Speaker: Mr. Glenn Payot
Human Rights Council – 29th Regular Session
Thank you Mr. President,
The adoption of Kenya’s UPR report comes at a crucial time for its minorities and indigenous peoples, whose rights continue being disrespected and who remain one of the most marginalised groups in the country.
MRG would like to highlight three points of particular relevance for minorities and indigenous peoples in Kenya today. Firstly, there is a clear need for recognition of their rights over their ancestrally owned land, yet these are repeatedly being breached – for example, the Endorois, the Ogiek and the Sengwer have all been victims of forced evictions both in the past and recently. Ancestral lands hold a special importance for indigenous peoples as they form the basis of their livelihoods and of their religious and cultural identity. As a consequence, evictions and destruction of their lands severely threatens indigenous peoples’ rights, and indeed their very existence. Despite being protected under domestic and international law and policy, and upheld by domestic and regional decisions, indigenous peoples’ rights continue to be violated in Kenya without proper investigation, adequate compensation or redress.
This brings us to our second point of attention: implementation. MRG applauds Kenya’s commitment to continue the implemention of legislation protecting indigenous peoples’ rights and their lands. However, we would like to see the same commitment applied to judicial decisions, including the African Commission’s Endorois judgment, which five years after its adoption has yet to be implemented; and a recently breached domestic Court order forbidding the eviction of Sengwer people, who were later forcibly evicted from the Embobut Forest. Likewise, MRG regrets the Government’s appeal of a domestic judgment declaring the Ogiek’s eviction from the Mau Forest illegal and ordering their resettlement. We also urge Kenya to comply with the African Court’s provisional measures ordering to stop the damage done to Ogiek land in the Mau Forest, and to implement the Truth Justice and Reconciliation Commission’s 2013 recommendations to that effect.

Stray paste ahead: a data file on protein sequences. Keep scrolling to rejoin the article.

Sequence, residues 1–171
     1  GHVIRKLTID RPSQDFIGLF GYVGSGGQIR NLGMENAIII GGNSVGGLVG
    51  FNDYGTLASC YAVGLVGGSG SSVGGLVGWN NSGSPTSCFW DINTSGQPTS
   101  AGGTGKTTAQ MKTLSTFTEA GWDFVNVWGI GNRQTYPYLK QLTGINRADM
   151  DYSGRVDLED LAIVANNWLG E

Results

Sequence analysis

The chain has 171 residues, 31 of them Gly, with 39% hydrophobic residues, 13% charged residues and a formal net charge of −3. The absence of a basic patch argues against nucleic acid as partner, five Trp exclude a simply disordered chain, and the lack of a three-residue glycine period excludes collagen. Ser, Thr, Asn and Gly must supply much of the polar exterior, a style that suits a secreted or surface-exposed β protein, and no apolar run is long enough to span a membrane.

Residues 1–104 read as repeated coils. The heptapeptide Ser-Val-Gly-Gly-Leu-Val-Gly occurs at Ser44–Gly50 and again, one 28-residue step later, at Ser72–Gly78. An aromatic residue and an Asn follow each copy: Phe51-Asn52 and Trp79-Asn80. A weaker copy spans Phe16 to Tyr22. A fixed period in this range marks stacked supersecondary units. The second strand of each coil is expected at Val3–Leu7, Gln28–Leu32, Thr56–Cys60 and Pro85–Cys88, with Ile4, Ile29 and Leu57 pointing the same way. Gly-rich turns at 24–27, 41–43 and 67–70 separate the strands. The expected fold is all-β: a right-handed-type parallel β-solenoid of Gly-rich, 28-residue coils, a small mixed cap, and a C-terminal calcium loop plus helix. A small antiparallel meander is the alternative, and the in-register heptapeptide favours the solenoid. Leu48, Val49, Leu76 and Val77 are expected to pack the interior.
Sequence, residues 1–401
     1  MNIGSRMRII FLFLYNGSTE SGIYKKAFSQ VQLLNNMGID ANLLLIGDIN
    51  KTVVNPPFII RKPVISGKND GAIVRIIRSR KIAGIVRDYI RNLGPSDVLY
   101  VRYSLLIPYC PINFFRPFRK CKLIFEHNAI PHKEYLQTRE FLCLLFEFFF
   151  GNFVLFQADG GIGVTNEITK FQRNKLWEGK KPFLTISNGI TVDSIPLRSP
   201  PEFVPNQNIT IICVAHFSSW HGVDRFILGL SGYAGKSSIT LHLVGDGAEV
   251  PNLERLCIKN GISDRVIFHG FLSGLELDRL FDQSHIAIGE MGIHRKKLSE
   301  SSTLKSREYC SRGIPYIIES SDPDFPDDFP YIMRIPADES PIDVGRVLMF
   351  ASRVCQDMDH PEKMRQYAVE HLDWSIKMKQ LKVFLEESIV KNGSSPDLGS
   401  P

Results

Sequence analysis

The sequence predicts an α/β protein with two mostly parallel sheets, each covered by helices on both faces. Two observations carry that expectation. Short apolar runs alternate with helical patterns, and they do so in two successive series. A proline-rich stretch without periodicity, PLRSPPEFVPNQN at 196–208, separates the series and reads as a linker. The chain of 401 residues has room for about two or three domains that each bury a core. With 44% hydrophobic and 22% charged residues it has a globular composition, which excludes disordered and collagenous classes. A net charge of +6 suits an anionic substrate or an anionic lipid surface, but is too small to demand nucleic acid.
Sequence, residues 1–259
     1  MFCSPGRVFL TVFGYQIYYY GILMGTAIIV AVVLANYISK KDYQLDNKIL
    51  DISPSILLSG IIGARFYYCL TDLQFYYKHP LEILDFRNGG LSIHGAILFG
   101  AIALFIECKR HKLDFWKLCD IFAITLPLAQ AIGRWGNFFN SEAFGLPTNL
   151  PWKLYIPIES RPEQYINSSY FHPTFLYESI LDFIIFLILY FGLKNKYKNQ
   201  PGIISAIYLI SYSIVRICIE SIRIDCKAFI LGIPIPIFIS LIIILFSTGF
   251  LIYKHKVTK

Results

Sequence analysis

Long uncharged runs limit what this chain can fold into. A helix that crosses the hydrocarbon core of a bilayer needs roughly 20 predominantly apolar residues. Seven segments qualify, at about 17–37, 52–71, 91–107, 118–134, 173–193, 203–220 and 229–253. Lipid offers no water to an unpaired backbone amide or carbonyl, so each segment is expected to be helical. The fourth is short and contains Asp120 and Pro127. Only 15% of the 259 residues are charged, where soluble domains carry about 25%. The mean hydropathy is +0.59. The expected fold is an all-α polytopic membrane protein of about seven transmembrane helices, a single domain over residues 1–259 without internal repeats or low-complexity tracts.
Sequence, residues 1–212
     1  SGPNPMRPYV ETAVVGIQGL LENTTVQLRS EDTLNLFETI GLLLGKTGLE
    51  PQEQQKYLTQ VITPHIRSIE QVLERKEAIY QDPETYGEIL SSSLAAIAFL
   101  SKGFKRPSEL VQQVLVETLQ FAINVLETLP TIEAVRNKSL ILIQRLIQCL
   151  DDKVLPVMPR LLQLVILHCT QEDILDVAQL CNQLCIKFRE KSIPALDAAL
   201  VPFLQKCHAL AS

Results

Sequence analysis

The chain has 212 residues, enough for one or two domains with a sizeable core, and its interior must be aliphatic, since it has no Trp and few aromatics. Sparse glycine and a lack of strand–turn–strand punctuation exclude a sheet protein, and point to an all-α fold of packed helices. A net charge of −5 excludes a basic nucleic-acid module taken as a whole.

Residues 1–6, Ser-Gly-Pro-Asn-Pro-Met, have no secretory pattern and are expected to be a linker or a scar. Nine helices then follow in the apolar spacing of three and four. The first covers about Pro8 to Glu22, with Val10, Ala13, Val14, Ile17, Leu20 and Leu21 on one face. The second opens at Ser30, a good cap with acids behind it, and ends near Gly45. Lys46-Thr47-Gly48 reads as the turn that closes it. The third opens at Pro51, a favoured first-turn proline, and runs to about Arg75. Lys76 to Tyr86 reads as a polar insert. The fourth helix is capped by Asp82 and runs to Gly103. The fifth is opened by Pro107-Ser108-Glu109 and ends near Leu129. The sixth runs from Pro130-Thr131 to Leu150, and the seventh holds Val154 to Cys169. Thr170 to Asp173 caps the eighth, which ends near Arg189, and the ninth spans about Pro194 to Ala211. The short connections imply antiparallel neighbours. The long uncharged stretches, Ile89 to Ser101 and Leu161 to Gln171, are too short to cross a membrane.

The third and final point we would like to stress is a worrying and persistent exclusion of indigenous peoples from decision-making. We welcome Kenya’s pledge to improve their political representation and urge the Government to make free, prior and informed consent of indigenous peoples a prerequisite for all decisions and legislation related to their lands. This includes dialogue with the Endorois in the implementation of the Endorois decision, with the Ogiek regarding the Mau Forest, the Sengwer in the Embobut Forest, and with the indigenous communities whose land rights, culture and livelihoods are affected by the Lamu Port-South Sudan-Ethiopia transport corridor project. MRG is especially concerned by the police violence repeatedly encountered by indigenous peoples peacefully protesting the violation of their land rights, and calls for the investigation of these instances.